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Issue 136 - The Harder You Work the More Luck You Will Have

Woodens Wisdom
Wooden's Wisdom - Volume 3 Issue 136
Craig Impelman Speaking |  Championship Coaches |  Champion's Leadership Library Login

 

THE HARDER YOU WORK THE MORE LUCK YOU WILL HAVE

 
This favorite quote of Coach Wooden's has its roots in Thomas Jefferson's statement: I am a great believer in luck, and I find the harder I work, the more I have of it.
 
How does luck play a role in companies or people that have great success?
 
In the fantastic book Great By Choice, Jim Collins and Morten T. Hansen researched seven companies who delivered a return on investment ten times greater than the industry average between 1973 and 2003. They refer to these companies as 10xers (10 times better). Below is a table from the book detailing their results:
 

Company

Dynastic Era of Study

Value of $10000 invested after 30 yr. period (1972 to 2002)

Results Compared to the Stock Market

Results Compared to Same Industry

Amgen (Biopharmaceutical company)

1980-2002

$4.5 million

24 X the market

77.2 X its industry

Biomet ( Medical Device Manufacturer)

1972-2002

$3.4 million

18.1 X the market

11.2 X its industry

Intel (Semiconductor Chip Maker)

1968-2002

$3.9 million

20.7 X the market

46.3 X its industry

Microsoft

1975-2002

$10.6 million

56 X  the market

118.8 X its industry

Progressive Insurance

1965-2002

$2.7 million

14.6 X the market

11.3 X its industry

Southwest Airlines

1967-2002

$12.0 million

63.4 X the market

550.4 X its industry

Stryker (Medical Devices and Equipment Manufacturing)

1977-2002

5.3 million

28 X the market

10.9 X its industry

 
The book also statistically compared the number of significant good luck events and bad luck events each company had during this period compared to their much less successful competition in the same industry.
 
The authors defined luck this way:
 
We defined a luck event as one that meets three tests: (1) some significant aspect of the event occurs largely or entirely independent of the actions of the key actors in the enterprise, (2) the event has a potentially significant consequence (good or bad), and (3) the event has some element of unpredictability.
 
The good luck and bad luck events came in a variety of types for all the companies ranging from a key hire to a bad court ruling to an unexpected swing in the general economy. The following table from the book details the results:
 

Matched Pairs (1st Company at least 10x more successful than 2nd company)

Number of Significant Good-Luck Events (highly successful 10x company)

Number of Significant Good-Luck Events (significantly less successful company)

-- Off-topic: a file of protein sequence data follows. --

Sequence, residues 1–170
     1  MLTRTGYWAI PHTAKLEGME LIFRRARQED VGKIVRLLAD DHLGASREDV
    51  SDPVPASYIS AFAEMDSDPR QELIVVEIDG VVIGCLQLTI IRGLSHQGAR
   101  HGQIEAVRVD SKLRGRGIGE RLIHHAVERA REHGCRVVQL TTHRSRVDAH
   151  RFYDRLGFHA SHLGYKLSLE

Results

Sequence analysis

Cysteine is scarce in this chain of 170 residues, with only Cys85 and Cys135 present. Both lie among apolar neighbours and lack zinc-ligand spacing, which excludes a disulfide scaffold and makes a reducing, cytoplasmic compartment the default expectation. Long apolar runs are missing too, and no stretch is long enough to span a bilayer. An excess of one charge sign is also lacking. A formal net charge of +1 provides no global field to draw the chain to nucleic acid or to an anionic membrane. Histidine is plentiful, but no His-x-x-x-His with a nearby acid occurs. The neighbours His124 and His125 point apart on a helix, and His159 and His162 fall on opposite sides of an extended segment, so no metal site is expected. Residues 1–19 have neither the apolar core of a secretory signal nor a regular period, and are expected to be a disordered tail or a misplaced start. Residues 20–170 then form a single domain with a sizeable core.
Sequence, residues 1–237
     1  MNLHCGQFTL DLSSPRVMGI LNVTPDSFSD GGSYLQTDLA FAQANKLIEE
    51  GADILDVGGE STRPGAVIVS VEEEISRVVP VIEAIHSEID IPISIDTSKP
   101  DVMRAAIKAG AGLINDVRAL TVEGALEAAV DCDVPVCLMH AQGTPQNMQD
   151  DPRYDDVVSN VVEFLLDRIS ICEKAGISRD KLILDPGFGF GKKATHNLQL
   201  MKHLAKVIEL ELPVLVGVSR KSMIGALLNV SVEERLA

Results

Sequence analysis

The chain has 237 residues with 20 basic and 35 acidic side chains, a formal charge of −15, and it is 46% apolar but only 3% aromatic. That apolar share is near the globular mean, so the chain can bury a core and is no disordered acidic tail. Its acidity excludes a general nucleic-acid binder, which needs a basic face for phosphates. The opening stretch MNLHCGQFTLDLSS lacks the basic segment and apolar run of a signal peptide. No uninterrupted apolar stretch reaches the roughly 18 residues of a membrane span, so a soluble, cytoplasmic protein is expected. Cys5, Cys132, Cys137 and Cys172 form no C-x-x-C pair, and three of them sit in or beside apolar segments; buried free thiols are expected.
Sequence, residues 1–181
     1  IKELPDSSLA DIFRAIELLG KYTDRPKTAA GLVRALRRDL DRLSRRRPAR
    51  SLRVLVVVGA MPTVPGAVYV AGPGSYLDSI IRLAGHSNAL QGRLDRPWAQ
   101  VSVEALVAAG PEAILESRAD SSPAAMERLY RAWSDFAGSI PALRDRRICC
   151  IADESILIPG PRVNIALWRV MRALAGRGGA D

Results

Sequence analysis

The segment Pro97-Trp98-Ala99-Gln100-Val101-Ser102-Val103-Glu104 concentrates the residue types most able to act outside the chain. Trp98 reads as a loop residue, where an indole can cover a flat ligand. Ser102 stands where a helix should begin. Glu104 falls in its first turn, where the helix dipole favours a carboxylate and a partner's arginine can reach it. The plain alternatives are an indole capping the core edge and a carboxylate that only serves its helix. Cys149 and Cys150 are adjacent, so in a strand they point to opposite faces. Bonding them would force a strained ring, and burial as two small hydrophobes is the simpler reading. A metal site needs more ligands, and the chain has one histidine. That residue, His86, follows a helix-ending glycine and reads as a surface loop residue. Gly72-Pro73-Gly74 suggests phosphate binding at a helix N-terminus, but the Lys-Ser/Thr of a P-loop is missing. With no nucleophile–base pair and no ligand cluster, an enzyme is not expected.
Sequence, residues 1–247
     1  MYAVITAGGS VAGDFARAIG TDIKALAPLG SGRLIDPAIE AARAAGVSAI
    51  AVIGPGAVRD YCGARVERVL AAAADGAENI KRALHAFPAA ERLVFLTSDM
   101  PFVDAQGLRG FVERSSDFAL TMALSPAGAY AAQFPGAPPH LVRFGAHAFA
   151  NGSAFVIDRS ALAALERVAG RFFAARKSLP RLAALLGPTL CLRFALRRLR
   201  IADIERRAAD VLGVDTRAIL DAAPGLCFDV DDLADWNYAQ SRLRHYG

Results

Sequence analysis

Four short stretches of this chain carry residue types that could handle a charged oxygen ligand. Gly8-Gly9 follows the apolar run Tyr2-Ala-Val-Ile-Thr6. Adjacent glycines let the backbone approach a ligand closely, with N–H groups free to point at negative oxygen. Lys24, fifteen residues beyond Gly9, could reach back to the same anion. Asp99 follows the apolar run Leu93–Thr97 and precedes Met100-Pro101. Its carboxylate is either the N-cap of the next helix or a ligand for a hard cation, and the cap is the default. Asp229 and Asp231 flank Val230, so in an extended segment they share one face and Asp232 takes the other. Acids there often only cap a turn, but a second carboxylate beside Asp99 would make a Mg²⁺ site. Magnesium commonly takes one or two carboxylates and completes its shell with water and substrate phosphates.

Number of Significant Bad-Luck Events (highly successful 10x company)

Number of Significant Bad-Luck Events (significantly less successful company)

Amgen and Genentech

10

18

9

9

Biomet and Kirschner

4

4

7

4

Intel and AMD

7

8

14

11

Microsoft and Apple

15

14

9

7

Progressive and Safeco

3

1

8

10

Southwest and PSA

8

6

13

13

Stryker and USSC

2

5

5

6

Total

49

56

65

60

Averages

7.0

8.0

9.3

8.6

 
 
Both the successful and unsuccessful companies (at the time of this study Apple was struggling to stay in business prior to Steve Jobs return) had about the same amount of good luck and bad luck.
 
The successful companies were prepared through hard work, careful planning and attention to detail to take full advantage of good luck and not let bad luck put them out of business, and in some cases took the bad luck as a learning experience that turned it into good luck.
 
The less successful companies were not prepared to take full advantage of good luck and were devastated (going out of business in some cases) by the bad luck.
 
After 29 years of coaching, in 1964 Coach Wooden was very lucky to have three future terrific NBA players (Walt Hazzard,Gail Goodrich, Keith Erickson) on his team.
 
He was also fully prepared to utilize their talent.
 
The combination led to his first national championship.
 
He kept working and continued to have more good luck.
 
As Coach liked to say: I will prepare and perhaps my chance will come.
 

Yours in Coaching,
 
 
Craig Impelman
 
 
Twitter: @woodenswisdom


 

 

 

Watch Video

Application Exercise

COACH'S
Favorite Poetry
AND PROSE

 

Columbus

 

Behind him lay the gray Azores,
Behind the Gates of Hercules;
Before him not the ghost of shores,
Before him only shoreless seas.
The good mate said: "Now we must pray,
For lo! the very stars are gone.
Brave Admiral, speak, what shall I say?"
"Why, say, 'Sail on! sail on! and on!' "

"My men grow mutinous day by day;
My men grow ghastly wan and weak."
The stout mate thought of home; a spray
Of salt wave washed his swarthy cheek.
"What shall I say, brave Admiral, say,
If we sight naught but seas at dawn?"
"Why, you shall say at break of day,
'Sail on! sail on! and on!' "

They sailed and sailed, as winds might blow,
Until at last the blanched mate said:
"Why, now not even God would know
Should I and all my men fall dead.
These very winds forget their way,
For God from these dead seas is gone.
Now speak, brave Admiral, speak and say" --
He said, "Sail on! sail on! and on!"

They sailed. They sailed. Then spake the mate:
"This mad sea shows his teeth tonight.
He curls his lip, he lies in wait,
With lifted teeth, as if to bite!
Brave Admiral, say but one good word:
What shall we do when hope is gone?"
The words leapt like a leaping sword:
"Sail on! sail on! sail on! and on!"

Then pale and worn, he kept his deck,
And peered through darkness. Ah, that night
Of all dark nights! And then a speck --
A light! a light! at last a light!
It grew, a starlit flag unfurled!
It grew to be Time's burst of dawn.
He gained a world; he gave that world
Its grandest lesson: "On! sail on!"


Joaquin Miller 

 

 

 

 

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